Former Toronto Mayor Rob Ford Dies At Age 46

By McCarton Ackerman 03/22/16

The always-quotable former politician whose fall from grace made headlines passed away early Tuesday morning. 

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Former Toronto Mayor Rob Ford Dies At Age 46
photo via Shutterstock/rmnoa357

Former Toronto mayor Rob Ford died Tuesday morning from a rare form of cancer known as pleomorphic liposarcoma. He was 46 years old.

Ford’s family released a brief statement in which they said the Toronto city councillor was a “dedicated man of the people” who “spent his life serving the citizens of Toronto.”

Ford had been undergoing treatment for the rare and fast-growing cancer for the last 18 months, after being diagnosed in 2014. His abdominal tumor had significantly shrunk through multiple rounds of radiation and chemotherapy. He underwent surgery last May to treat the cancer and it was initially hailed as a success.

“I’m just lucky to be alive today, and I’m just lucky to get another chance at life,” he said last April before the surgery. “At least I have a chance.”

But months later, two new tumors were discovered and he underwent additional rounds of chemotherapy. He entered a clinical trial this month in the hopes of finding a personalized treatment for his cancer. But as his health worsened, it became clear that he likely would not make it through the four-month duration of the trial. His chief of staff, Dan Jacobs, confirmed on Monday that he was moved to palliative care in Toronto's Mount Sinai Hospital.

The outwardly brash politician will be remembered by his supporters for his uncompromising political style. An obituary published by CBC News describes Ford as a "millionaire with a working-class attitude" with "everyman appeal." The always-quotable politician made headlines in May 2013 after reports surfaced of a video of him allegedly smoking crack cocaine. In November 2013, after months of denying his part in the video, Ford admitted to using crack cocaine “probably in one of my drunken stupors.”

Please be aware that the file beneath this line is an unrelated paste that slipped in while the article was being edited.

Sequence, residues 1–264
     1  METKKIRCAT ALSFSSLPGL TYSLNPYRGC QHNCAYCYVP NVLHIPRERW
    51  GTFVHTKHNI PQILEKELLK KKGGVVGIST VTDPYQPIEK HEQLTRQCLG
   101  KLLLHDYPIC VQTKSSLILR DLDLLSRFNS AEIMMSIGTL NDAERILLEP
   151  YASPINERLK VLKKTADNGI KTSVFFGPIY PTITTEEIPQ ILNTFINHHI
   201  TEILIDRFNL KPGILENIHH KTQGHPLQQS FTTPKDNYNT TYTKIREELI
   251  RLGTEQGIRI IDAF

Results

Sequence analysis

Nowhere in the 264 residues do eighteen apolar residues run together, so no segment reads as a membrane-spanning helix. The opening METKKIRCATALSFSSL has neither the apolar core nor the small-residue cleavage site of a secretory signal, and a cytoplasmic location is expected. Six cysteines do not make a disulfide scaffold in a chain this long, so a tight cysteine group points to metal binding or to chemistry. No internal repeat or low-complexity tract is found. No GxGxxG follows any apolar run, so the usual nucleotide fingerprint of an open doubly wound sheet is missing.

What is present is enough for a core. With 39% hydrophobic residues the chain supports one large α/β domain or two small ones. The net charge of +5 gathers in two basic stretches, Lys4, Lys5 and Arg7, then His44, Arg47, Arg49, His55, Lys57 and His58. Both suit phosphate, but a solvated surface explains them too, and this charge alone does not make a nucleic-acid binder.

Thrust into the spotlight by the controversy, Ford continued to shock with his colorful antics. Ford ultimately entered rehab for two months in May 2014 to address substance abuse issues before returning to office. He claimed the facility “saved [his] life” and apologized to the people in Toronto for his bevy of humiliating incidents.

In September 2014, Ford issued a statement while in the hospital that he would not seek re-election in Toronto after discovering he had a tumor. As his health issues worsened, he even held an eBay auction for the tie he wore when he publicly admitted to smoking crack cocaine. But while his personal struggles will likely be remembered just as much as his accomplishments, Ford appeared to take that reality in stride.

“People know that I saved a lot of money, and people are going to know that I had a few personal struggles,” he said told reporters last October. “So you can remember it for what you want, but they're definitely going to remember it.”

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McCarton Ackerman is a freelance writer and editor living in Portland, Oregon. He has been a contributor for The Fix since October 2011, writing on a wide range of topics ranging from medical marijuana in Colorado to the world's sexiest drug smugglers. Follow him on Linkedin and Twitter.

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